In "Out of Eden," Paul W. Kahn offers a philosophical meditation on the problem of evil. He uses the Genesis story of the Fall as the starting point for a profound articulation of the human condition. Kahn shows us that evil expresses the rage of a subject who knows both that he is an image of an infinite God and that he must die. Kahn's interpretation of Genesis leads him to inquiries into a variety of modern forms of evil, including slavery, torture, and genocide.
Kahn takes issue with Hannah Arendt's theory of the banality of evil, arguing that her view is an instance of the modern world's lost capacity to speak of evil. Psychological, social, and political accounts do not explain evil as much as explain it away. Focusing on the existential roots of evil rather than on the occasions for its appearance, Kahn argues that evil originates in man's flight from death. He urges us to see that the opposite of evil is not good, but love: while evil would master death, love would transcend it.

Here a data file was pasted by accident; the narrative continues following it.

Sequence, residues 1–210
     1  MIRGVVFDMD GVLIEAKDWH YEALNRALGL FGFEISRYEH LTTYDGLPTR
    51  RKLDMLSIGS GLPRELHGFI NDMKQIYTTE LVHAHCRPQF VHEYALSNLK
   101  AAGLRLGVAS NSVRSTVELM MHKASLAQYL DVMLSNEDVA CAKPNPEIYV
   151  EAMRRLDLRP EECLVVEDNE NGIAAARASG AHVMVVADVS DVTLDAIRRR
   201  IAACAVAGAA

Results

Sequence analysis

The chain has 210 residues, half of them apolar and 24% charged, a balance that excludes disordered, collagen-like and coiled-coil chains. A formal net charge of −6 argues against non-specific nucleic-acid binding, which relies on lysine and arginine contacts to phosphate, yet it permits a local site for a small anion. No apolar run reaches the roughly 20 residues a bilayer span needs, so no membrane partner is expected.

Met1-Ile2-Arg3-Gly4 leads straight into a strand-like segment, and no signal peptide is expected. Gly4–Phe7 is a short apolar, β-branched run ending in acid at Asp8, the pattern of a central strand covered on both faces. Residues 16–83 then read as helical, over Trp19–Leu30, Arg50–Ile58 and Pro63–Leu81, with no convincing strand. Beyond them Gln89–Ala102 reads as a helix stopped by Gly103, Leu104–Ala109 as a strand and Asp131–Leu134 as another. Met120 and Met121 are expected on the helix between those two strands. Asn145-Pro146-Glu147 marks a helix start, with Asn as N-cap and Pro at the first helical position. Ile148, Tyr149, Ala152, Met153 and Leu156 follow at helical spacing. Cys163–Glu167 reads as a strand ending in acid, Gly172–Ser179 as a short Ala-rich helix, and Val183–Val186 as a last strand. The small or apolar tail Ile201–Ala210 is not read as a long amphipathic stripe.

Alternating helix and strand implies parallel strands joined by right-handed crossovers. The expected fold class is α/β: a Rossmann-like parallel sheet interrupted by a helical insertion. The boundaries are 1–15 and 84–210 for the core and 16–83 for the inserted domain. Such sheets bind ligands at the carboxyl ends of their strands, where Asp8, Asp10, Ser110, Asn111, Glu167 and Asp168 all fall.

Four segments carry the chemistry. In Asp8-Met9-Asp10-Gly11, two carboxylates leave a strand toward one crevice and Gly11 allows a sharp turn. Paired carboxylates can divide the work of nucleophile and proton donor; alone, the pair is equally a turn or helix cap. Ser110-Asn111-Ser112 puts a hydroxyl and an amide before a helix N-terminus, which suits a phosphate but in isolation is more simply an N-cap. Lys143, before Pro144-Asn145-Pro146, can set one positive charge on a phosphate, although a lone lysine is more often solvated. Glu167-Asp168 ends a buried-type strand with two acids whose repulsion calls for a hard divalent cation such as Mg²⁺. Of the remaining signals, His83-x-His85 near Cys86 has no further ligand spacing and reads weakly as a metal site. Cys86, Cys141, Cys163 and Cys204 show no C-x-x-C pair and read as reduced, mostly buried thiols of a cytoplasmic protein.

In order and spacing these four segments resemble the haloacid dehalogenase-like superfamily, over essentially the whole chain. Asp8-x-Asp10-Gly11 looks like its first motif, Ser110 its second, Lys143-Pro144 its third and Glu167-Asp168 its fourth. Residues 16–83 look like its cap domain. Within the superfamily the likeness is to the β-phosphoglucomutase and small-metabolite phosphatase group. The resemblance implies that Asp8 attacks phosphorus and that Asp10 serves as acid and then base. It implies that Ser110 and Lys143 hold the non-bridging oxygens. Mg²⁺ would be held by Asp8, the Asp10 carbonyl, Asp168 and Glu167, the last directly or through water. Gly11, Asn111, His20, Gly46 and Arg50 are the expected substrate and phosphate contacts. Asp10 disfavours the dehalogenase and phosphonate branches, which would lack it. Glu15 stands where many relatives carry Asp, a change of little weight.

Offering a unique perspective that combines political and cultural theory, law, and philosophy, Kahn here continues his project of advancing a political theology of modernity.
"A book which begins with the sentence 'Evil makes us Human' must surely compel attention. This is no ordinary account of what is usually meant by the problem of evil... Instead, Paul W. Kahn's aim is to explore the nature of evil itself... A rich and fascinating book full of unusual conjunctions and insights."--John Habgood, Times Literary Supplement "Kahn makes a powerful case for the reality of good (which he calls 'love') as a form of self-sacrifice, and of its opposite, evil, which constitutes a denial of one's finitude."--Whitley R. P. Kaufman, Philosophy in Review "Brilliant and essential... [Kahn] establishes an enormously clarifying political theology of modernity, one that investigates the limits of our contemporary imagination."--Igor Webb, Common Review "In Out of Eden, Paul W. Kahn ... argues that the human condition--rather than political or social conditions--is the locus of evil. Using the lenses of political and cultural theory, law, and philosophy, Kahn takes a hard look at modern forms of evil, namely slavery, torture, and genocide. Evil, Kahn posits, in an existential problem."--Yale Law Report
Acknowledgments vii Introduction: The Study of Evil 1 Chapter 1: A Preliminary Meditation on Oedipus and Adam 16 Chapter 2: Evil and the Image of the Sacred 53 Chapter 3: Love and Evil 106 Chapter 4: Political Evil: Slavery and the Shame of Nature 143 Chapter 5: Political Evil: Killing, Sacrifice, and the Image of God 174 Conclusion: Tragedy, Comedy, and the Banality of Evil 211 Index 223